# # Optimizing Julia code
# This session provides an introduction to optimizing Julia code.
# The examples are developed with Julia v1.9.3. You can download
# all files from the summer school website:
#
# - [`optimizing_julia.jl`](optimizing_julia.jl)
# - [`Project.toml`](Project.toml)
# - [`Manifest.toml`](Manifest.toml)
#
# This website renders the content of
# [`optimizing_julia.jl`](optimizing_julia.jl).
# First, we install all required packages
import Pkg
Pkg.activate(@__DIR__)
Pkg.instantiate()
# The markdown file is created from the source code using
# [Literate.jl](https://github.com/fredrikekre/Literate.jl).
# You can create the markdown file via
using Literate
Literate.markdown(joinpath(@__DIR__, "optimizing_julia.jl");
flavor = Literate.CommonMarkFlavor())
# ## Basics
#
# The Julia manual contains basic information about performance.
# In particular, you should be familiar with
#
# - https://docs.julialang.org/en/v1/manual/performance-tips/
# - https://docs.julialang.org/en/v1/manual/style-guide/
#
# if you care about performance.
# ## Example: A linear advection simulation
#
# This is a classical partial differential equation (PDE) simulation setup.
# If you are not familiar with it, just ignore what's going on - but we need
# an example. This one is similar to several problematic cases I have seen
# in practice.
# First, we generate initial data and store it in a file.
using HDF5
x = range(-1.0, 1.0, length = 1000)
dx = step(x)
h5open("initial_data.h5", "w") do io
u0 = sinpi.(x)
write_dataset(io, "x", collect(x))
write_dataset(io, "u0", u0)
end
# Next, we write our simulation code as a function - as we have learned from
# the performance tips!
function simulate()
x, u0 = h5open("initial_data.h5", "r") do io
read_dataset(io, "x"), read_dataset(io, "u0")
end
t = 0
u = u0
while t < t_end
u = u + dt * rhs(u)
t = t + dt
end
return t, x, u, u0
end
function rhs(u)
du = similar(u)
for i in eachindex(u)
im1 = i == firstindex(u) ? lastindex(u) : (i - 1)
du[i] = -(u[i] - u[im1]) / dx
end
return du
end
# Now, we can define our parameters, run a simulation,
# and plot the results.
using Plots, LaTeXStrings
t_end = 2.5
dt = 0.9 * dx
t, x, u, u0 = simulate()
plot(x, u0; label = L"u_0", xguide = L"x")
plot!(x, u; label = L"u")
# Maybe you can already spot problems in the code above.
# Anyway, before you begin optimizing some code, you should
# test it and make sure it's correct. Let's assume this is the
# case here. You should write tests making sure that the code
# continues to work as expected while we optimize it. We will
# not do this here right now.
# ## Profiling
#
# First, we need to measure the performance of our code to
# see whether it's already reasonable. For this, you can use
# `@time` - or better BenchmarkTools.jl.
using BenchmarkTools
@benchmark simulate()
# This shows quite a lot of allocations - typically a bad sign
# if you are working with numerical simulations.
# There are also profiling tools available in Julia.
# Some of them are already loaded in the Visual Studio Code
# extension for Julia. If you prefer working in the REPL,
# you can install ProfileView.jl (`@profview simulate()`) and
# PProf.jl (`pprof()` after creating a profile via `@profview`).
@profview simulate()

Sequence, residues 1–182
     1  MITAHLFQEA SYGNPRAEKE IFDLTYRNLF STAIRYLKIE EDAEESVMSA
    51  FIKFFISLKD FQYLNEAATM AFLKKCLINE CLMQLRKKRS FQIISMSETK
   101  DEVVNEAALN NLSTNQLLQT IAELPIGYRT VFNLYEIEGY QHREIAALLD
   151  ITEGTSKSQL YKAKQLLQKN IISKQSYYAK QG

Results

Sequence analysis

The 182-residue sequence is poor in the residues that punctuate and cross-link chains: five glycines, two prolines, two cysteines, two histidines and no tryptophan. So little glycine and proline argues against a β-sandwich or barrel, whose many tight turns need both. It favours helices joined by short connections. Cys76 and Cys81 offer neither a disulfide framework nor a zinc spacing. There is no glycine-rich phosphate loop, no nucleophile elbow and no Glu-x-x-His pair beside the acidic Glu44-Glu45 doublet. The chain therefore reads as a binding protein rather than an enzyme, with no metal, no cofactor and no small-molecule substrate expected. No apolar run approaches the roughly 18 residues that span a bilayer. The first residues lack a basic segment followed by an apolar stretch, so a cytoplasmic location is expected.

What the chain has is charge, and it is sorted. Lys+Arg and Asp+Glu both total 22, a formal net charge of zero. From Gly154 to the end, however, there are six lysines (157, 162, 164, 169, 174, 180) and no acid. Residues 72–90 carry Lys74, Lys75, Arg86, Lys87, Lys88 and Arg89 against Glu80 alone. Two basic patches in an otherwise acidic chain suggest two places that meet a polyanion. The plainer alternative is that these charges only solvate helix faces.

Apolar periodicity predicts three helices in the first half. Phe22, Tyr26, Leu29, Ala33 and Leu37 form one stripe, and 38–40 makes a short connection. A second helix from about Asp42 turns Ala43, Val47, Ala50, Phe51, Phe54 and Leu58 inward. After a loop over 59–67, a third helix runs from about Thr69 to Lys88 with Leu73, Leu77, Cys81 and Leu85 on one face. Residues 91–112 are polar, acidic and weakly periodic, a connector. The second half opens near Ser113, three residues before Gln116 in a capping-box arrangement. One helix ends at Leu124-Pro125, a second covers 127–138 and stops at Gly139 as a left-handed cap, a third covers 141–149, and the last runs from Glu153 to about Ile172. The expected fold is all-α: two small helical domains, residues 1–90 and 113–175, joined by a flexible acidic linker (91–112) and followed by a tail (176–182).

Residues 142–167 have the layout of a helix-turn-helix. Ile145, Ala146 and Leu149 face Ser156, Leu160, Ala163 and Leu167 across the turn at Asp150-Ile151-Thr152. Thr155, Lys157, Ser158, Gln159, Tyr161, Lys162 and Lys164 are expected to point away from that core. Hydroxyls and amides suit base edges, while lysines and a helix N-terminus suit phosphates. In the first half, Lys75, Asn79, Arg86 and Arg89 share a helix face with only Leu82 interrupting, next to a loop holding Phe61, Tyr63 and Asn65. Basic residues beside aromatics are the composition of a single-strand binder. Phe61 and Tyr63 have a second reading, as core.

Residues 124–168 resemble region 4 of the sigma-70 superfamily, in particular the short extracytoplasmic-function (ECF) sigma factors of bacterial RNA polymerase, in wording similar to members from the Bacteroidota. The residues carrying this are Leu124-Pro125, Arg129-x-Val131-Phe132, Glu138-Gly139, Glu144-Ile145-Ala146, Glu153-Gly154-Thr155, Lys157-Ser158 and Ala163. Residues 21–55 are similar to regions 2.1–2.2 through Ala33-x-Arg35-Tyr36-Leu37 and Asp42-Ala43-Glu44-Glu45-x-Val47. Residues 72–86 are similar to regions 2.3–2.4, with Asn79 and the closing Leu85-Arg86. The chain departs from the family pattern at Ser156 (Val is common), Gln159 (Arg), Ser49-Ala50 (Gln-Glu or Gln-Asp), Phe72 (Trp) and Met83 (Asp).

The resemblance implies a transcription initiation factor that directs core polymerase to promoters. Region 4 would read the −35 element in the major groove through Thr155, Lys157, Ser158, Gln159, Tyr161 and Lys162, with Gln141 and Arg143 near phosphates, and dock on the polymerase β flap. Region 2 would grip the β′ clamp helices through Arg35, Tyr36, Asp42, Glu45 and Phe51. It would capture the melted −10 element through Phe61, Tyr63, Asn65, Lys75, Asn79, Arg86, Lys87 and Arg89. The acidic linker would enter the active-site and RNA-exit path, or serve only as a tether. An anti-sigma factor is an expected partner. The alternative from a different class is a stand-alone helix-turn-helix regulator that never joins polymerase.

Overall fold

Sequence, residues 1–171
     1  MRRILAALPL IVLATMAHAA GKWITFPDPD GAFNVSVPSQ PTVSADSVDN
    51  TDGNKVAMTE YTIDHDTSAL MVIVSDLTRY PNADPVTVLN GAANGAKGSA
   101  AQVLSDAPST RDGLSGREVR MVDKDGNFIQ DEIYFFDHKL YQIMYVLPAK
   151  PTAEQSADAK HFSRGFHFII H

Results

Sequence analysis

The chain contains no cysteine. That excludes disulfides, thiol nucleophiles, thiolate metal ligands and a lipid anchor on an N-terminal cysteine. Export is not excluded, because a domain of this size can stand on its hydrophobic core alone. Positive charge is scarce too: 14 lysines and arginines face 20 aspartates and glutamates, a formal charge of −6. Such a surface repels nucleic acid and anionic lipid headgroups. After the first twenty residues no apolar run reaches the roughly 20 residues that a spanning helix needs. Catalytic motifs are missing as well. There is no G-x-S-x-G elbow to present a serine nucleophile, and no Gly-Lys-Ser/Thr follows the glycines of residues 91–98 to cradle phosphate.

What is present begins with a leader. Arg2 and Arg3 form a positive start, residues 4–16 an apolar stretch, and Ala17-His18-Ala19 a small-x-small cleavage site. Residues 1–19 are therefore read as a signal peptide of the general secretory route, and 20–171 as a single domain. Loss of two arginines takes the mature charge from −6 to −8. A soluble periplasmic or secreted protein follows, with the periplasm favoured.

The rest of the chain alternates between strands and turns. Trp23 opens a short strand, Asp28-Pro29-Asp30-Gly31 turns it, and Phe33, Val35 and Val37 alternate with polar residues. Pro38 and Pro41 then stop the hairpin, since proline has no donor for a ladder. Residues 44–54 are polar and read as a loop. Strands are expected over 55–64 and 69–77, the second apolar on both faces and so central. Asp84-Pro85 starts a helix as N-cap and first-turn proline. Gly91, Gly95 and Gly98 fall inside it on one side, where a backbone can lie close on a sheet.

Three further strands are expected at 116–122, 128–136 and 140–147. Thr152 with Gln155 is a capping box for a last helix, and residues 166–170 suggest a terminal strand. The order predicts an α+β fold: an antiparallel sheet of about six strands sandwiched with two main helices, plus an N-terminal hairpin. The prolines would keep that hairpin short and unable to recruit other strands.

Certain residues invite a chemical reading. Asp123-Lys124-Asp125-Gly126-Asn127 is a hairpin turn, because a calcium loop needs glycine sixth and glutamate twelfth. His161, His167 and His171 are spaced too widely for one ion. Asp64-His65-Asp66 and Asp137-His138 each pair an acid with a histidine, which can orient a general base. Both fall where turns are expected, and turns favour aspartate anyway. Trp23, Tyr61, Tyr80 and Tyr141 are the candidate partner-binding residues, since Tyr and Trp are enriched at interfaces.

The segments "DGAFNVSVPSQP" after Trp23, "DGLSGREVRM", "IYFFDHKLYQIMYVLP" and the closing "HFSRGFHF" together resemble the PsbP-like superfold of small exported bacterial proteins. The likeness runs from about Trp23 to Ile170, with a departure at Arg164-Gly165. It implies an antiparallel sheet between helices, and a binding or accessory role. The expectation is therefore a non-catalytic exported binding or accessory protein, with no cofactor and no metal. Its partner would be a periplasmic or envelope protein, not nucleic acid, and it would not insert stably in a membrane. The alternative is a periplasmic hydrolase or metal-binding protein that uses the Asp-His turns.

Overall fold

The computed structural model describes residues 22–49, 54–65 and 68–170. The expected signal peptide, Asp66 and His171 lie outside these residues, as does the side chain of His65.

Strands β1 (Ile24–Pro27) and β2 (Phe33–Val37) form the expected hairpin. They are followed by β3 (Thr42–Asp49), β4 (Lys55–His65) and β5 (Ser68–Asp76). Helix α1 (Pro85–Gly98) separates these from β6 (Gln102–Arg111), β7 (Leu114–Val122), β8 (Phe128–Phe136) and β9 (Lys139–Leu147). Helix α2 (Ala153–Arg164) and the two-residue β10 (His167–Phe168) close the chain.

# Task: Optimize the code!
#
# You can find one improved version in the file
# [`optimizing_julia_solution.jl`](optimizing_julia_solution.jl).
# ## Introduction to generic Julia code and AD
#
# One of the strengths of Julia is that you can use quite a few
# modern tools like AD. However, you need to learn Julia a bit
# to use everything efficiently.
# Here, we concentrate on ForwardDiff.jl.
using ForwardDiff
using Statistics
function foo0(x)
vector = zeros(typeof(x), 100)
foo0!(vector, x)
end
function foo0!(vector, scalar)
for i in eachindex(vector)
vector[i] = atan(i * scalar) / π
end
for _ in 1:1000
for i in eachindex(vector)
vector[i] = cos(vector[i])
end
end
return mean(vector)
end
let x = 2 * π
@show foo0(x)
@show ForwardDiff.derivative(foo0, x)
@benchmark foo0($x)
end
# The code above is basically a fixed point iteration.
# By doing some analysis, one could figure out that it
# should converge to the solution `x` of `x == cos(x)`,
# the "Dottie number". See https://en.wikipedia.org/wiki/Dottie_number
using SimpleNonlinearSolve
function dottie_number()
f(u, p) = cos(u) - u
bounds = (0.0, 2.0)
prob = IntervalNonlinearProblem(f, bounds)
sol = solve(prob, ITP())
return sol.u
end
dottie_number()
# Next, we introduce a custom struct. Can you spot the problems?
struct MyData1
scalar
vector
end
function foo1(x)
data = MyData1(x, zeros(typeof(x), 100))
foo1!(data)
end
function foo1!(data)
(; scalar, vector) = data
for i in eachindex(vector)
vector[i] = atan(i * scalar) / π
end
for _ in 1:1000
for i in eachindex(vector)
vector[i] = cos(vector[i])
end
end
return mean(vector)
end
let x = 2 * π
@show foo1(x)
@show ForwardDiff.derivative(foo1, x)
@benchmark foo1($x)
end
# We can fix type instabilities by introducing types explicitly.
# But we lose the possibility to use AD this way!
struct MyData2
scalar::Float64
vector::Vector{Float64}
end
function foo2(x)
data = MyData2(x, zeros(typeof(x), 100))
foo1!(data)
end
let x = 2 * π
@show foo2(x)
@benchmark foo2($x)
end
let x = 2 * π
ForwardDiff.derivative(foo2, x)
end
# Thus, we need parametric types!
struct MyData3{T}
scalar::T
vector::Vector{T}
end
function foo3(x)
data = MyData3(x, zeros(typeof(x), 100))
foo1!(data)
end
let x = 2 * π
@show foo3(x)
@show ForwardDiff.derivative(foo3, x)
@benchmark foo3($x)
end